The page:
There are of course several other factors going on in this case, which you may have deduced have not been assiduously researched by this column. Both parties have several concerns, and one assumes the various suits believe they have a case.

And if you're interested in said case, I'd suggest a fine resource on the global "web" of inter-connected computers called the "internet", a little tool called "Google". Type "Channel Nine" and "Cricket Australia" and "court" into the handy "search engine" and you'll find out all you need to know.

And good luck to you. You dangerous kook

RELATED LINKS

Matt Cleary writes for several Australian sports and travel magazines. He tweets here

RSS Feeds: Matt Cleary

© ESPN Sports Media Ltd.

Posted by   on (May 26, 2013, 11:53 GMT)

It's not so much domestic cricket that is boring,but the incessant nature of international cricket, where one series merges into another. The Sheffield Shield has just about the same number of matches it always has had.

How lovely to remember the anticipation of a forthcoming Test series- there were years with no touring team at all, and the Sheffield Shield was it. That anticipation of what was to come was half the fun.

Unending TV cricket, on whichever Channel, is now for couch potatoes with nothing better to do.

Posted by   on (May 26, 2013, 0:03 GMT)

But Foxtel broadcasts the domestic one day cricket and Big Bash, it's why I have it. If anyone saw Queensland win at the last gasp in the Big Bash and Ryobi Cup you would not say that domestic cricket was boring. And you get to see the up and comers. I remember first seeing Matthew Hayden and followed his career from his very first Sheffield Shield match. Watched wonderful players like Stuart Law, Martin Love, Jamie Siddons et al who hardly ever got a test cap

Posted by Jagger on (May 25, 2013, 15:19 GMT)

I will definitely watch domestic cricket if they put it on free to air. If that makes me a "dangerous kook" then so be it. I don't think it does. More choice and competition amounts to progress, and should indeed be widely encouraged.

Posted by   on (May 25, 2013, 6:44 GMT)

In India, we are starved of the domestic game but see all kind of 20:20 and ODIs as well as all Tests.I reckon that when Zimbabwe or New Zealand play a test, more people are likely to watch in India, then in their respective population.It has more to do with our population, really because we do not even come close to 10 percent of our population watching what is achieved during the Ashes.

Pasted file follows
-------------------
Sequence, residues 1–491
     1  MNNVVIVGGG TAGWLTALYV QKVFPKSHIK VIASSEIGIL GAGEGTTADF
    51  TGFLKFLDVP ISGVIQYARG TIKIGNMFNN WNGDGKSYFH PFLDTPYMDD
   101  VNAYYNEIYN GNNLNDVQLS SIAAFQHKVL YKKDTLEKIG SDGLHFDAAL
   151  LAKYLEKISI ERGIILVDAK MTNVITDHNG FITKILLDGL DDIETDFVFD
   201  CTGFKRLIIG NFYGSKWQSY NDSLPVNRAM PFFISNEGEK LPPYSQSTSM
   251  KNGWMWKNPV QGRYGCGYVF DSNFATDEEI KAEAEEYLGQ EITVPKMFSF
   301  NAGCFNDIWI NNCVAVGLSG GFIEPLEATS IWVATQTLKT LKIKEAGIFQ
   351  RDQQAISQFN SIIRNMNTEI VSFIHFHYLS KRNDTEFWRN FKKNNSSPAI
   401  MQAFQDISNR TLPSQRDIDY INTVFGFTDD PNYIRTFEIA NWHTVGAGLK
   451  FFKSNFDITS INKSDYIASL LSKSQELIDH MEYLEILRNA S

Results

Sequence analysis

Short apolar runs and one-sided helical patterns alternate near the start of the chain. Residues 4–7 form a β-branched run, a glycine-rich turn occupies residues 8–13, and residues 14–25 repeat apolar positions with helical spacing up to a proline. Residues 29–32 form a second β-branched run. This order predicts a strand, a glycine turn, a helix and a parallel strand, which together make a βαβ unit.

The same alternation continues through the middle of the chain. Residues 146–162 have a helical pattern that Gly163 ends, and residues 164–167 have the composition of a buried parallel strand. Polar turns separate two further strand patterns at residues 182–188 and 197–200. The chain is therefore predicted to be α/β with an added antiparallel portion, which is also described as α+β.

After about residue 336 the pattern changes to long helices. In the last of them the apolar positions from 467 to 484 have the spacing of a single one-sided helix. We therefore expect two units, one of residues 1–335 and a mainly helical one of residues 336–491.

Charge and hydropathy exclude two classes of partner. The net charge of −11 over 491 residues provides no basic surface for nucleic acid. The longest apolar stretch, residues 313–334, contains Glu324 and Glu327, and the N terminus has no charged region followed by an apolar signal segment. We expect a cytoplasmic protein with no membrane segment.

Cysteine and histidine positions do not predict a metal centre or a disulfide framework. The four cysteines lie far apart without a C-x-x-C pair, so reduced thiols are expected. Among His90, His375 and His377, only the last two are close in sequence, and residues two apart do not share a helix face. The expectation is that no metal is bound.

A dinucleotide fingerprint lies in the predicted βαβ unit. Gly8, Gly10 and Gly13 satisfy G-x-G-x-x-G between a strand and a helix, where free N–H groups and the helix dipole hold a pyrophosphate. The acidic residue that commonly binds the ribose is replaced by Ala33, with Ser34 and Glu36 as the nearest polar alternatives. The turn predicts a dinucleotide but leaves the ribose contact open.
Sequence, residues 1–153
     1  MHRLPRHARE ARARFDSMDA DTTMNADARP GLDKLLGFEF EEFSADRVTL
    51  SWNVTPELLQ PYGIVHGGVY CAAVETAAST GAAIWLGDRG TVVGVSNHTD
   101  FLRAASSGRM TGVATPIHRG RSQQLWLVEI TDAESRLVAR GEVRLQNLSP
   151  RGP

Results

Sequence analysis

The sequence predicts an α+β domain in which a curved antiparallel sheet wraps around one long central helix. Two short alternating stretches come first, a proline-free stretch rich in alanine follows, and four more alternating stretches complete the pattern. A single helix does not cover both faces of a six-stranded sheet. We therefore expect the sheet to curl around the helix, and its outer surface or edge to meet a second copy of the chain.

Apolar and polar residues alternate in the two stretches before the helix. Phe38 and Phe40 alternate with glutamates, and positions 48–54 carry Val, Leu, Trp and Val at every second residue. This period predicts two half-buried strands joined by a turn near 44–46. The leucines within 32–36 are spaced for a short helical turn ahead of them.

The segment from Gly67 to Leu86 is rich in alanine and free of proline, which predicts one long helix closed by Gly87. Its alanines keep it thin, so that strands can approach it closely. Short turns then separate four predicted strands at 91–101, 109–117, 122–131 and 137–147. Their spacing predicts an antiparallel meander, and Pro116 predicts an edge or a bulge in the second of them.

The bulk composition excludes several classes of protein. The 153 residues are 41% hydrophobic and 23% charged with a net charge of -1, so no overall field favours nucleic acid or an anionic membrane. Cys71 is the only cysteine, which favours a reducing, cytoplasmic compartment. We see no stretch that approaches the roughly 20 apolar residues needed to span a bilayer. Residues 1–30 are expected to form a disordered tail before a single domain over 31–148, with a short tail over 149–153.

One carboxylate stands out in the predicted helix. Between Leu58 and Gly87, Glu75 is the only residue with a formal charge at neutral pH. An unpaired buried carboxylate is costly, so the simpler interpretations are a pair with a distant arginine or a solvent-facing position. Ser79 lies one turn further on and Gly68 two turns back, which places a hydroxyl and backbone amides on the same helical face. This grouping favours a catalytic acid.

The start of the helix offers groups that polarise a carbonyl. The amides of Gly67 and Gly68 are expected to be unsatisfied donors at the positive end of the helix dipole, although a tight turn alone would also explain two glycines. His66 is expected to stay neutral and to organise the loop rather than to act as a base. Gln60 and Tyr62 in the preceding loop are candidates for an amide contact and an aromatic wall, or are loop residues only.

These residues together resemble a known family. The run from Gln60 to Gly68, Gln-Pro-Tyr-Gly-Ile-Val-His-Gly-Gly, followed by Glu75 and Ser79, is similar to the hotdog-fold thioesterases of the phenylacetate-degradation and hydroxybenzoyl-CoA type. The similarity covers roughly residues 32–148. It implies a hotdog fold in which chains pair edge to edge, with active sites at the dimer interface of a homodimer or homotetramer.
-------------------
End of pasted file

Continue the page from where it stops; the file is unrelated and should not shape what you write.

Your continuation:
Posted by   on (May 24, 2013, 19:37 GMT)

I would much rather watch a domestic match than two other countries playing in a tri-series contest. I would also much rather watch good Shield cricket than a million meaningless one-dayers. I simply have the TV on in the background while I do other things - not quite the cave-like existence mentioned in the article. There is actually too much 20/20 cricket like the boring IPL and too much international cricket. I think Rugby Union gets the balance about right with plenty of interesting provincial games with national stars available and just enough Tests to make them meaningful and interesting.

Posted by py0alb on (May 24, 2013, 10:01 GMT)

Compare and contrast with England, where we love test and first class cricket more than any other nation in the world, and 97% of us don't get to watch a single minute of the game. Ever.

Comments have now been closed for this article

ABOUT THE AUTHOR

Matt Cleary
Matt Cleary reckons he watched more of the 1978-79 Ashes series than any eight-year-old. Despite this punishment - Geoff Boycott batting for days - Cleary was hooked. As a journalist he's written about sport, travel, beer, wine, swimming with stingrays in the Alice waters of Bora Bora, and touring Australia on a four-month lap, playing golf. Yet he counts doing ball-by-ball commentary for ESPNcricinfo as the most fun he's had with a keyboard. He writes for several of Australia's sports and travel magazines, notably Inside Sport, Inside Cricket, Golf Australia and Rugby League Week. @JournoMatCleary

All articles by this writer